This lesson introduces learners to the differences and similarities between brown rot and white rot. Learners will learn how to recognize signs of brown rot and white rot in wood in a natural environment.
Recount or describe key ideas or details from a text read aloud or information presented orally or through other media.
Ask and answer questions about what a speaker says in order to clarify comprehension, gather additional information, or deepen understanding of a topic or issue.
4LS1-1 From Molecules to Organisms: Structures and Processes
CCSS.ELA-LITERACY.SL.3.1 (also SL.4.1, SL.5.1)
Engage effectively in a range of collaborative discussions (one-on-one, in groups, and teacher-led) with diverse partners on grade 3 topics and texts, building on others' ideas and expressing their own clearly.
Ask and answer questions about information from a speaker, offering appropriate elaboration and detail.
Interpret information presented in diverse media and formats (e.g., visually, quantitatively, orally) and explain how it contributes to a topic, text, or issue under study.
MS-LS1-4 From Molecules to Organisms: Structures and Processes
Use argument based on empirical evidence and scientific reasoning to support an explanation for how characteristic animal behaviors and specialized plant structures affect the probability of successful reproduction of animals and plants respectively.
- Writing utensils
- Magnifying glass or loupe
- Examples of brown rot and white rot affected wood
- Anticipatory Set:
- Have examples of brown rot wood and white rot wood available for learners to examine and deconstruct while they wait for the lesson to begin.
- Ask learners what they notice between the different types of wood that they examined.
- Explain that each of the different pieces of wood show signs of different kinds of decomposition, or rot, caused by fungi. The wood that appears blocky and brown or red has been affected by brown rot, while the wood that appears white and stringy has been affected by white rot. The reason that brown rot looks blocky is that brown rot can only break down the simplest components of the wood, cellulose, but is unable to break down much of the more complex components of the wood. The reason the white rot looks white and stringy is because white rot can break down both simple (cellulose) and complex (lignin) components of wood, leaving it very frail, white, and stringy. Both white rot and brown rot are examples of saprophytes, or decomposers. Decomposers are extremely important for ensuring that our soils stay healthy, that plants can keep growing, and that our world isn't overrun with dead stuff and trash!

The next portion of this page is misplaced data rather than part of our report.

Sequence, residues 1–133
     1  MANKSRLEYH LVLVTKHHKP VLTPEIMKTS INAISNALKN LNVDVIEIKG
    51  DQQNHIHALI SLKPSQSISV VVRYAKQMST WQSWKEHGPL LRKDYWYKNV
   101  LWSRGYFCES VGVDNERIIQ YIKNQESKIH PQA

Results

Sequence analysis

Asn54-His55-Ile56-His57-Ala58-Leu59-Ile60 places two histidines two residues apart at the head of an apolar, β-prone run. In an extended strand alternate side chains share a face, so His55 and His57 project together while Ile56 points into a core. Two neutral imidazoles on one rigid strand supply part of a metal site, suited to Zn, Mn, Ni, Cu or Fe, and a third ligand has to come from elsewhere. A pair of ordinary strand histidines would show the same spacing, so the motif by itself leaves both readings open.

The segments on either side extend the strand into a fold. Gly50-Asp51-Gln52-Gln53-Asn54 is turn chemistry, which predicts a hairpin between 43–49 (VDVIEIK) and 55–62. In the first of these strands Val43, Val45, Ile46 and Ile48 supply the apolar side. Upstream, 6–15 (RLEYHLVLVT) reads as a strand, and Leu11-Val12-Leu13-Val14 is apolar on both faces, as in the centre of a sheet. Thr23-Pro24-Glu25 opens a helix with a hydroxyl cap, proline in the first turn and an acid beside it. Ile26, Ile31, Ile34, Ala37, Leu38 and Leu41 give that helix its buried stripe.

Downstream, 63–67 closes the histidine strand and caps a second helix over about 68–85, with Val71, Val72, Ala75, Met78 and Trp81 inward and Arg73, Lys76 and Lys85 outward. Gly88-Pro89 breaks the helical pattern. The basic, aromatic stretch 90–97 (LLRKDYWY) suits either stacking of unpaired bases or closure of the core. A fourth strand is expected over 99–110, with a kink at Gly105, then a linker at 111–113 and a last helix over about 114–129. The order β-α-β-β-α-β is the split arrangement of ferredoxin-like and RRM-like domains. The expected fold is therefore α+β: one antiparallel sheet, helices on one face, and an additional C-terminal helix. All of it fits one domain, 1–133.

- If giving this lesson after reading A Toadstool's Treasures, reference the part of the story where Molly, Phoebe, and Brother Toadstool experience the forest without decomposers. Explain that brown rot and white rot fungi are some of the main fungi that disappeared in the story!
- Test your learners' comprehension by telling them you are going to quiz them by holding up a piece of wood and asking whether there are signs of brown rot or white rot. Choose several good examples of wood primarily dominated by either brown or white rot, but also try to include at least one example where there are clear examples of brown rot and white rot on the same piece of wood. Then explain that these different kinds of fungi are always working together.
- Explain to the learners that they will now have the chance to identify signs of brown and white rot in the wild on an interpretive hike! Each learner must find at least one example of brown rot and one example of white rot during the ten minute hike. Then once they get back, learners will share what they found and create an exhibit for the classroom/home.
- After the hike, bring learners together into a circle and ask them whether they saw more brown rot or more white rot. What else did they notice during the hike? Did they notice signs of any other organisms responsible for decomposing things (like bugs or mushrooms)?
References and Resources
Our lesson plans utilize the backward design model presented by Understanding by Design by Grant Wiggins and Jay McTighe